Did you know that all University webpages print out in a print-friendly format automatically? From time to time we are asked if we can add ‘print-friendly’ pages to the website. But this functionality has always been on the website, using a technique that is over a decade old.
In modern web design, the visual look and feel of a webpage (determined by cascading style sheets or CSS) is kept separate from the structure and the content (built using HTML). This provides a great deal of flexibility, allowing us to present the same document in different formats without the need to maintain multiple separate webpages.
When you view a webpage in your web browser on a desktop computer (and, increasingly, a mobile phone), you will typically be presented with the webpage with a CSS style designed for screen media. This allows us to show off a bit and use the freedom of the screen to the full to create the rich, interactive webpages we are all familiar with.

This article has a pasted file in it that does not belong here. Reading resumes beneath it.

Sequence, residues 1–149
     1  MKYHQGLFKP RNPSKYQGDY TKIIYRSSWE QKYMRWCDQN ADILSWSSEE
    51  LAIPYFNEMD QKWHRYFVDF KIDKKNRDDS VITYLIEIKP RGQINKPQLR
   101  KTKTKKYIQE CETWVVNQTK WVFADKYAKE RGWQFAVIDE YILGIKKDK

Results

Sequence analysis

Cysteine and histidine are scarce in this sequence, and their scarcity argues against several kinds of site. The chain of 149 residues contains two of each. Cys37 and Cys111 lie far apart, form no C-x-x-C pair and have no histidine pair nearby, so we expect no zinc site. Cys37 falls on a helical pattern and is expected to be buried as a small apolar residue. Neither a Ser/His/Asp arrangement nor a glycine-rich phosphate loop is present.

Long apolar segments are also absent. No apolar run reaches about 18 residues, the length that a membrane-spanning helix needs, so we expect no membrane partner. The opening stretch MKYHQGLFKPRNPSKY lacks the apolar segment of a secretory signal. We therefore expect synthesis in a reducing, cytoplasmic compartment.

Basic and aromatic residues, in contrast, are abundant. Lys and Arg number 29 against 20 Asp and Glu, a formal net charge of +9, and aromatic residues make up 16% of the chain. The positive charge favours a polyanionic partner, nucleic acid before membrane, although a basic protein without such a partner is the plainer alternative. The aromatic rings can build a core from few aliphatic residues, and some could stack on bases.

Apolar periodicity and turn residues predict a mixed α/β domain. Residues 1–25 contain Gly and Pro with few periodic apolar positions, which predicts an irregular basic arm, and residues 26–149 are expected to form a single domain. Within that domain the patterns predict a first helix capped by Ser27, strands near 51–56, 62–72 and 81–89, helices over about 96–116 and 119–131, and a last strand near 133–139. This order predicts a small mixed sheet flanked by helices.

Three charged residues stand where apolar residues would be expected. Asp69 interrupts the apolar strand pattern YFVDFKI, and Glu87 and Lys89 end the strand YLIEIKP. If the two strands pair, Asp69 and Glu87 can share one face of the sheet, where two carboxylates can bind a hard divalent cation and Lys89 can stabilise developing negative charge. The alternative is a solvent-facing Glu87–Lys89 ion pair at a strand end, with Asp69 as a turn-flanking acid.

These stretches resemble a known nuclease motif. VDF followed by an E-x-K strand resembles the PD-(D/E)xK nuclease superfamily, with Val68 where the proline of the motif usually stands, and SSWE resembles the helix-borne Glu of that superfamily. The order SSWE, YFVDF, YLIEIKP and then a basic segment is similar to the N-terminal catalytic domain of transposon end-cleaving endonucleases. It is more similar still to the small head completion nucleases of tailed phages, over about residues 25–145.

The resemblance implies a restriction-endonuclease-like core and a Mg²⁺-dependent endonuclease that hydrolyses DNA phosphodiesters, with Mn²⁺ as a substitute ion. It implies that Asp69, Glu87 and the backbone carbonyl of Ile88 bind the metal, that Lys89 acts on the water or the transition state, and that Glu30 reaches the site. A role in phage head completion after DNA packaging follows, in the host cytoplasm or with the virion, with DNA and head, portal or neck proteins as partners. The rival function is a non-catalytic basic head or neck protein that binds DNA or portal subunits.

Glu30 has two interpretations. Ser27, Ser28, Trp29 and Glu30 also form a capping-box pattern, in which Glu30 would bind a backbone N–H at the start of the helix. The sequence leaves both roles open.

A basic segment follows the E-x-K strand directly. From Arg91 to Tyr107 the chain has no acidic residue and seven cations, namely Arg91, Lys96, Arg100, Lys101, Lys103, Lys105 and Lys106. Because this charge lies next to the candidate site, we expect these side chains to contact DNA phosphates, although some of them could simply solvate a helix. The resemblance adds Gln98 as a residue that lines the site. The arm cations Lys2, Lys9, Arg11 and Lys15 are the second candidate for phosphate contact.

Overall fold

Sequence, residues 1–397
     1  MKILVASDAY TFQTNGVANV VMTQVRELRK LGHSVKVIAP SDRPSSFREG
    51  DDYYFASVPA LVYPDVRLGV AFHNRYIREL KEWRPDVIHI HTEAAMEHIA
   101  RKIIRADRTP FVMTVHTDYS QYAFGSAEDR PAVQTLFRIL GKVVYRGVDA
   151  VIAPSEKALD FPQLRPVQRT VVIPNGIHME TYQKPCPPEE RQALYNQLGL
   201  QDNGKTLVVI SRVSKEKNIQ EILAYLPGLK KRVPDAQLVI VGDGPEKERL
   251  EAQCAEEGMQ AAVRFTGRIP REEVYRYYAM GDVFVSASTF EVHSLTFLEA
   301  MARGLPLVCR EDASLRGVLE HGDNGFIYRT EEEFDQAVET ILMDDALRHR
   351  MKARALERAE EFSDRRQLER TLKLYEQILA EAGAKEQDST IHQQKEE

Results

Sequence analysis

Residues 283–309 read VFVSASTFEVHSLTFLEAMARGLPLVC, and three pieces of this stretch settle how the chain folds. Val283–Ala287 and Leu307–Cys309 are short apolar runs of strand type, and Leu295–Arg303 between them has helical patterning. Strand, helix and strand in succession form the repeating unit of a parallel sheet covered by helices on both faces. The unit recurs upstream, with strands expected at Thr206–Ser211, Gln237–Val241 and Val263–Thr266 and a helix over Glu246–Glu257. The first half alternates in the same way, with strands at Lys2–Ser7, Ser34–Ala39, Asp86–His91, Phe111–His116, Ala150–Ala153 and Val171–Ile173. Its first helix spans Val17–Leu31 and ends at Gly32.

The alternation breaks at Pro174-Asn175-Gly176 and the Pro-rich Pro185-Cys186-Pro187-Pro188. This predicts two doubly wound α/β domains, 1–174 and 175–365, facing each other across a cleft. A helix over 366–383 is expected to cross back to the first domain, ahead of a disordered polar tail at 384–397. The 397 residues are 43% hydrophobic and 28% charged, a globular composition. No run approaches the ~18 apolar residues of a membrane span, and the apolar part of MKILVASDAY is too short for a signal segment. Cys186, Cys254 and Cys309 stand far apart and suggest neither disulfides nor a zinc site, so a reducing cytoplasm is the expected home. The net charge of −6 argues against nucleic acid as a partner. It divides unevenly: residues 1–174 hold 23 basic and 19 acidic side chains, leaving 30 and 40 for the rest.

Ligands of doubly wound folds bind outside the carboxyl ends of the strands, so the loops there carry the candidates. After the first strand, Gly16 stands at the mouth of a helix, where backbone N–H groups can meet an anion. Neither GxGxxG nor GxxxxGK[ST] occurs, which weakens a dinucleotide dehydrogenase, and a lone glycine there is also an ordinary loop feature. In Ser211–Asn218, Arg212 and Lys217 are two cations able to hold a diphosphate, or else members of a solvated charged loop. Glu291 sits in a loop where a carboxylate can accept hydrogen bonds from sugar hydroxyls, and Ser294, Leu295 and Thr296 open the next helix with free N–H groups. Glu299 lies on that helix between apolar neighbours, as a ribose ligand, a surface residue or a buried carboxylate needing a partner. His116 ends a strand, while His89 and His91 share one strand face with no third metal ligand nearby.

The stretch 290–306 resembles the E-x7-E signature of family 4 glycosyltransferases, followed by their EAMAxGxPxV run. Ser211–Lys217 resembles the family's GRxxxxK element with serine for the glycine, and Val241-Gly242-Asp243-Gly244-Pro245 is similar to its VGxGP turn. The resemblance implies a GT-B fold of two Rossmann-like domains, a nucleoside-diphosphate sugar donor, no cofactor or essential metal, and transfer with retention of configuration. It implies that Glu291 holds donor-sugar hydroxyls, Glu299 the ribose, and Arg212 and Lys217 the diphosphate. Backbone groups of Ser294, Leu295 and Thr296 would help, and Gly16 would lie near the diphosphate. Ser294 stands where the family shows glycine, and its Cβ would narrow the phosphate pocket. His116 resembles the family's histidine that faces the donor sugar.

A style sheet designed for print media can remove many of the elements of a webpage that just don’t make sense on a printout. So most colour is removed and all text is displayed as black on white, saving on ink. Navigation menus are removed because the clickable printout still hasn’t been invented yet. And in place of hyperlinks in the main content area, we display the URLs of all links so that you don’t have to refer back to the webpage to work out what the link is to.
What you have left is a clean, streamlined document that can be printed off perfectly — almost as though it was never a webpage in the first place. And we didn’t need to create a ‘print friendly’ version — it was generated automatically.
We are planning on publicising this feature more in the future, as it seems that many are still unaware of it, even though it has been a standard web technique for some time now.